Calendula Oil

It’s that time of year again, when we are blessed with the vivid beauty of calendula flowers. Calendula is related to marigold and is edible. These gorgeous, vibrant petals can be added to salads, soups, and stews to add some energetic excitement to a dish as well as phytonutrients.

Calendula promotes cellular repair. It is anti-inflammatory and is a superb ingredient to use in salves for burns, sores, skin infections, and rashes.

First collect all the blossoms. They will be a bit sticky – but that resin is precisely the goodness you want!

You can put them directly into oil, but I’ve found there to be too much moisture in there…I’ve had mold form on the oil. Instead, I cut all the blossoms in half and leave them to dry on a cookie sheet for a day or two. By then, they will be visibly ‘dehydrated’ a bit.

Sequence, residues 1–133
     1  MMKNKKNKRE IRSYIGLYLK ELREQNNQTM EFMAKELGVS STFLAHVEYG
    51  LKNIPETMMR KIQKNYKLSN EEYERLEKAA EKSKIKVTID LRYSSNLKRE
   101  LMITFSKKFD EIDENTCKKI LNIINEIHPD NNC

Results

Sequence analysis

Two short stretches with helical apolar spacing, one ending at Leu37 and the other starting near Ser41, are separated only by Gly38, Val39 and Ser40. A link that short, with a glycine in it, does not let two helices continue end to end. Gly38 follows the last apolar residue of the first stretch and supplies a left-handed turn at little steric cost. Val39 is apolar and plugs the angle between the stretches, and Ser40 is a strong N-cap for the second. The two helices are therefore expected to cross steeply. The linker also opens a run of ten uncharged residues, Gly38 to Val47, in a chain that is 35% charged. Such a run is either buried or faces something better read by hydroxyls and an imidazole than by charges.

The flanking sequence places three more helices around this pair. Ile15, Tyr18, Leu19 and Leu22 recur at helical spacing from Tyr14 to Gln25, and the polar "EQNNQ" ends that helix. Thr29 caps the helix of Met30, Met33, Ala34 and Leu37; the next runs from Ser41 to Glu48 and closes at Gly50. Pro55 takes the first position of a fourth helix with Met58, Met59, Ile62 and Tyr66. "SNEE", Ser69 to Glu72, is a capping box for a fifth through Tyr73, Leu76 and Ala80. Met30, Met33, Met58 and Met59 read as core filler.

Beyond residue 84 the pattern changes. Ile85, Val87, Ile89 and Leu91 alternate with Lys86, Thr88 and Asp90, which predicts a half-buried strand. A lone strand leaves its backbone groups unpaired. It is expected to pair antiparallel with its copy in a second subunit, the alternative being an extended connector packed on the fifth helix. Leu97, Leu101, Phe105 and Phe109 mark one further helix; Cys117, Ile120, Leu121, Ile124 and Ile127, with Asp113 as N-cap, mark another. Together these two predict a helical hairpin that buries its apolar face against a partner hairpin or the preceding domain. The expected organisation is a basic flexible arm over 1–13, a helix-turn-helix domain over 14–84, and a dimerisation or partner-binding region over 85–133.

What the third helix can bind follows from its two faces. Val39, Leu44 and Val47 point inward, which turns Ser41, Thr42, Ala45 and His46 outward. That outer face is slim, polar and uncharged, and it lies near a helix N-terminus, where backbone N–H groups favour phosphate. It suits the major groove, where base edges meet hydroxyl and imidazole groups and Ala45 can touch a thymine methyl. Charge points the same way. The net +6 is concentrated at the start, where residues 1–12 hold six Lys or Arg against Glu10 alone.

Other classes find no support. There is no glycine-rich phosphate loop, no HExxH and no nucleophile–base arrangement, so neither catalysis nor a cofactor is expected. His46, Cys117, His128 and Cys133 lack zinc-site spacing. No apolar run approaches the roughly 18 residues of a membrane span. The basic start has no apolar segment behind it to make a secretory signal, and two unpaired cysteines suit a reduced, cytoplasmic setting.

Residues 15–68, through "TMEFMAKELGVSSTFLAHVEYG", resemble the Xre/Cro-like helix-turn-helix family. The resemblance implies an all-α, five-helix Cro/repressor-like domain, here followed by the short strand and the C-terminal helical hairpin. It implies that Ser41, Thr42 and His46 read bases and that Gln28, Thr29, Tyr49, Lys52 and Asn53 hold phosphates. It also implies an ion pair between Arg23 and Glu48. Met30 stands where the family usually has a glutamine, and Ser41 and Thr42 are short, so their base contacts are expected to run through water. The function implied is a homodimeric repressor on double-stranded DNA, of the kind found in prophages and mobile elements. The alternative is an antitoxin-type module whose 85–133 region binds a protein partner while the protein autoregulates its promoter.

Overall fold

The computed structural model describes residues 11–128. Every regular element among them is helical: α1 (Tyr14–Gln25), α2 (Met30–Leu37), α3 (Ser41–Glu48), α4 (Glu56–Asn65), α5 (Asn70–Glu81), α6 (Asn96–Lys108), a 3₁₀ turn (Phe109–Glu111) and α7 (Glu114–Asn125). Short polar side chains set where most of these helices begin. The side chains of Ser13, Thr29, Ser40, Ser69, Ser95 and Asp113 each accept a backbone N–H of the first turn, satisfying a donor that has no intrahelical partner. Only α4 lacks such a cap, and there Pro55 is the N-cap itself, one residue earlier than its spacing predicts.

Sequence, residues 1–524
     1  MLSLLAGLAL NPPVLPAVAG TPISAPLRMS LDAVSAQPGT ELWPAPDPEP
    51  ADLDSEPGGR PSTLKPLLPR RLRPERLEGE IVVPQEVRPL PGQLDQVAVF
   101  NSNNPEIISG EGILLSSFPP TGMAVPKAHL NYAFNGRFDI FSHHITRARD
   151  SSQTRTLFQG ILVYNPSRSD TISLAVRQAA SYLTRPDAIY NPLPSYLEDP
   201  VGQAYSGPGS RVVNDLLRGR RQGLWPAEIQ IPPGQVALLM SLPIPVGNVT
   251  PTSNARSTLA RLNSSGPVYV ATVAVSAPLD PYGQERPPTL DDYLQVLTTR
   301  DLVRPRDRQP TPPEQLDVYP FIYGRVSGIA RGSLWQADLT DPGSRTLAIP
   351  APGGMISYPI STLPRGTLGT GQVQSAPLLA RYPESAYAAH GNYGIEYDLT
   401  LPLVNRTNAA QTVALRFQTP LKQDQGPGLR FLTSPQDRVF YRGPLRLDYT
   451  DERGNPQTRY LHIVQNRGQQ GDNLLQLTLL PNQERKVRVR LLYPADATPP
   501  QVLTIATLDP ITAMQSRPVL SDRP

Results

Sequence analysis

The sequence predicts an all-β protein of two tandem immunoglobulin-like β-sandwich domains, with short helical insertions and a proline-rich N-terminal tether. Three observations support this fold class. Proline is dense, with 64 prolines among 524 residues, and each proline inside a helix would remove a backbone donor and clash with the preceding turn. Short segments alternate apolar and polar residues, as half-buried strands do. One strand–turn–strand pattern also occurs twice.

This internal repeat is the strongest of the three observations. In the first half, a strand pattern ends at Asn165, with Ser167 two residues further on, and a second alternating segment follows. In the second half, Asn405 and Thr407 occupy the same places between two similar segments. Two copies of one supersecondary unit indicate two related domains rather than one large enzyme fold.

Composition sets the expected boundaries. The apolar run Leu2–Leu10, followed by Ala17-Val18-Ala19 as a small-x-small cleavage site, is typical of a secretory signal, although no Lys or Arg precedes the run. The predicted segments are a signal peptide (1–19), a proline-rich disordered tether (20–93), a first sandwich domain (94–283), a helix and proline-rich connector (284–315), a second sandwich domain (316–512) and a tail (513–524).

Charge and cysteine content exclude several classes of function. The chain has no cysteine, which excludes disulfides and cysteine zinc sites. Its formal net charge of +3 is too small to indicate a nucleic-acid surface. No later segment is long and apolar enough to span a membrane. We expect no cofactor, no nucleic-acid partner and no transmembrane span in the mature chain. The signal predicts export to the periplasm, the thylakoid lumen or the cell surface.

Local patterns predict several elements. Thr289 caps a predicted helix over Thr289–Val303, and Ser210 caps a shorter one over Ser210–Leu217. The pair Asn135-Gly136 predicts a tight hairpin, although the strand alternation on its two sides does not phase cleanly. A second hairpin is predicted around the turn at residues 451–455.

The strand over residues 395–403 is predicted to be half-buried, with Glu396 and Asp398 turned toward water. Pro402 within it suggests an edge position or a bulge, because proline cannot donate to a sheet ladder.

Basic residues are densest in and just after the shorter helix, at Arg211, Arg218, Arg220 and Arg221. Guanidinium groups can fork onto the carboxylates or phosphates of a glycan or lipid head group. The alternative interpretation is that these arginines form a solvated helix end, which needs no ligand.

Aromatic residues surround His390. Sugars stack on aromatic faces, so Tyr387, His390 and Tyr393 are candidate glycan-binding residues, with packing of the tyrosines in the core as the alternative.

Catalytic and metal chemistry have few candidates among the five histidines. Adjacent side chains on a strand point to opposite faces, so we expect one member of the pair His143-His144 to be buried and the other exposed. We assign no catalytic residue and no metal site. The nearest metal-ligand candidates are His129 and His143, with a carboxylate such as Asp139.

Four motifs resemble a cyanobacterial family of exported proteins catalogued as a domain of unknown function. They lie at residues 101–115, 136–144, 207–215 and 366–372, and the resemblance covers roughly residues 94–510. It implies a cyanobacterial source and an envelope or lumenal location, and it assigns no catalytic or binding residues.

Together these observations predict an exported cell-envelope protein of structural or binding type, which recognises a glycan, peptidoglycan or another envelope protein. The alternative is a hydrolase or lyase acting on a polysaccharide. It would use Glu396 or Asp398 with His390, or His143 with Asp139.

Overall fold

Then put them into a ball jar and cover with an oil. If you are using this for a skin ointment, almond or grapeseed are good choices.

Then put this on a sunny windowsill and let the oil infuse with the flower essence for a month.

Afterwards, strain out the plant matter.

The oil can then be used directly on the skin (and be better for your skin that commercial lotions that are nothing but chemistry projects), or can be used as an ingredient in a salve for a thicker consistency.